Moreover, most the slow spiral out of earth's gravity well would be through the Van Allen belts. This route would cook the astronauts.

Neil read this and responded with comments on my Fact Checking Neil deGrasse Tyson blog post. His defense? He didn't write the script for that trailer. Still, you think he would've blown the whistle on the bad science seeing that he was the star of that clip.

And even though he knows about it, he hasn't lifted a finger to correct the misinformation in that trailer. He hounded Cameron incessantly until the night skies in Titanic were corrected. Tyson should attempt to get the word out the LEO is a horrible place to harbour an interplanetary ion propelled craft. EML2 is a much better location for this sort of vehicle.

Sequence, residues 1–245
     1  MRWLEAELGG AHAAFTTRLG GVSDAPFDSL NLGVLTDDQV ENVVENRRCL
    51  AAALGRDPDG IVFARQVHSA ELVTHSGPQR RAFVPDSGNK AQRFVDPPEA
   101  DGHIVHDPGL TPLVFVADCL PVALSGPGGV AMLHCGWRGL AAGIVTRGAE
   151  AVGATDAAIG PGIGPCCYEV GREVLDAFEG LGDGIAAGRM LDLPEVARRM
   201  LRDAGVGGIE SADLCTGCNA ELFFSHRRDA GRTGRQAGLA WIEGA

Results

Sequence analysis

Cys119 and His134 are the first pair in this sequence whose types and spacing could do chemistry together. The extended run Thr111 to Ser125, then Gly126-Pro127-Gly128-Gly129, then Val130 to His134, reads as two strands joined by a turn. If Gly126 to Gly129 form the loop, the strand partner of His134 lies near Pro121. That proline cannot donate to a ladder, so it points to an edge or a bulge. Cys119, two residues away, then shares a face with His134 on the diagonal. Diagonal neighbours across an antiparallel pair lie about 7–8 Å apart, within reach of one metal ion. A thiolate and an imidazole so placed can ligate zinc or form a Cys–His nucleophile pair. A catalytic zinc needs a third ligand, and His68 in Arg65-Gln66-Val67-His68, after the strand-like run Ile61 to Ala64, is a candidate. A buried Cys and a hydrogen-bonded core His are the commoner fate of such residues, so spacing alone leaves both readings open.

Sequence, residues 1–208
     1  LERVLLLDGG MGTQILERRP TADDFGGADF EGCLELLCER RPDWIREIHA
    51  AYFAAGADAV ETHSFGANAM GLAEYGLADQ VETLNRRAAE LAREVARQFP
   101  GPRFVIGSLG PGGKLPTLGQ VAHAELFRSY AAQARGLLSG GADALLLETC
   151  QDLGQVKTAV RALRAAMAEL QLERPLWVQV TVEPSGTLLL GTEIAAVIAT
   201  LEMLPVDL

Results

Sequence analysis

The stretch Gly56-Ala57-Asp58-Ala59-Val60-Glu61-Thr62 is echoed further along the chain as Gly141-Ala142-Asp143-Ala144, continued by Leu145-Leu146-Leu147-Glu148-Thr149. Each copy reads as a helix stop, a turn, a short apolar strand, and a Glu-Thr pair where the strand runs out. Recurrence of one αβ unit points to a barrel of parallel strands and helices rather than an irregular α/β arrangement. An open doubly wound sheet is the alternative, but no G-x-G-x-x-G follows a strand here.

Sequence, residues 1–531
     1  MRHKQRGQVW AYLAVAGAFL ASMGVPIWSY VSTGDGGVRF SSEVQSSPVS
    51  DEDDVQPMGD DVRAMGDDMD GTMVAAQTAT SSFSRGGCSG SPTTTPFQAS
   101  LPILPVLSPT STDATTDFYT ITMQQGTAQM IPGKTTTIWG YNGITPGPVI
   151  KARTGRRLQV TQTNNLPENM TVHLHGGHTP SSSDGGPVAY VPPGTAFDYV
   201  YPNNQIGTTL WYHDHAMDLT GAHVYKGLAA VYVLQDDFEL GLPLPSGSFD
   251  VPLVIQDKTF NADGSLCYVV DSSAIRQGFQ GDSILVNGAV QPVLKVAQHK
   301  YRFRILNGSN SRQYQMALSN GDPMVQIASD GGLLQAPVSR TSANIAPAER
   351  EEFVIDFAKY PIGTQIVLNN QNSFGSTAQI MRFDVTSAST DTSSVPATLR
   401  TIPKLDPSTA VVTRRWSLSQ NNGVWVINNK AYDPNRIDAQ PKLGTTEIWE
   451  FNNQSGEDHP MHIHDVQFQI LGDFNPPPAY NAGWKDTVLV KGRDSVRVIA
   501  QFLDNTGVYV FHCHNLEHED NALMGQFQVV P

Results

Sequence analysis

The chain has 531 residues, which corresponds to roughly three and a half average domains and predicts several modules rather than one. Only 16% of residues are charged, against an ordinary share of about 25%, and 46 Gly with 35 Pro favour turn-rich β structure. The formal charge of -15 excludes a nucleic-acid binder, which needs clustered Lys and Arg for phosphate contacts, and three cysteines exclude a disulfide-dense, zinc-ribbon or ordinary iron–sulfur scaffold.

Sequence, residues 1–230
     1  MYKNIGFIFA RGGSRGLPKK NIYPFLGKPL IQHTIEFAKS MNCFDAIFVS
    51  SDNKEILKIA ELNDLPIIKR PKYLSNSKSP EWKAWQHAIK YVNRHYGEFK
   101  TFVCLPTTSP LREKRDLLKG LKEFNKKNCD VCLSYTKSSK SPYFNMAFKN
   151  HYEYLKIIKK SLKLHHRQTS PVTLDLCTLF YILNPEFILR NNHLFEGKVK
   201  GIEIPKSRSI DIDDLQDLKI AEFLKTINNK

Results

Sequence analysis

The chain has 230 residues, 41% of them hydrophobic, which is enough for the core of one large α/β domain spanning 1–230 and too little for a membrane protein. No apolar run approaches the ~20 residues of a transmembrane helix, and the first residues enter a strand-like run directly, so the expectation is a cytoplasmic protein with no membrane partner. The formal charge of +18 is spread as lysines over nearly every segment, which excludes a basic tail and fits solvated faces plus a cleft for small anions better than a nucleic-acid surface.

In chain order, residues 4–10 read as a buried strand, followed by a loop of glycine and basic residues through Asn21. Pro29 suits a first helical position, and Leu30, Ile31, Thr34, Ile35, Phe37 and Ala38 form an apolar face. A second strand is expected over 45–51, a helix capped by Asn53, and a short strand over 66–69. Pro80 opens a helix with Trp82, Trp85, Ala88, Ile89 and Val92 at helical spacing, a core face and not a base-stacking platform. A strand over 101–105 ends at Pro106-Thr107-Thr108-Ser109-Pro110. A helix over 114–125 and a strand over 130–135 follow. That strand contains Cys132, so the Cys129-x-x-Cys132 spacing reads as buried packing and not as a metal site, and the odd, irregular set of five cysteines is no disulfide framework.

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### Re: Neil deGrasse Tyson doing a disservice

JoeB wrote:The idea of different / bigger types of infinity is nothing strange, I'm not sure what the OP is objecting against.

The OP is very familiar with the subject area (as are a number of other mathematicians on the boards). The objection is to the numerous false statements Tyson made.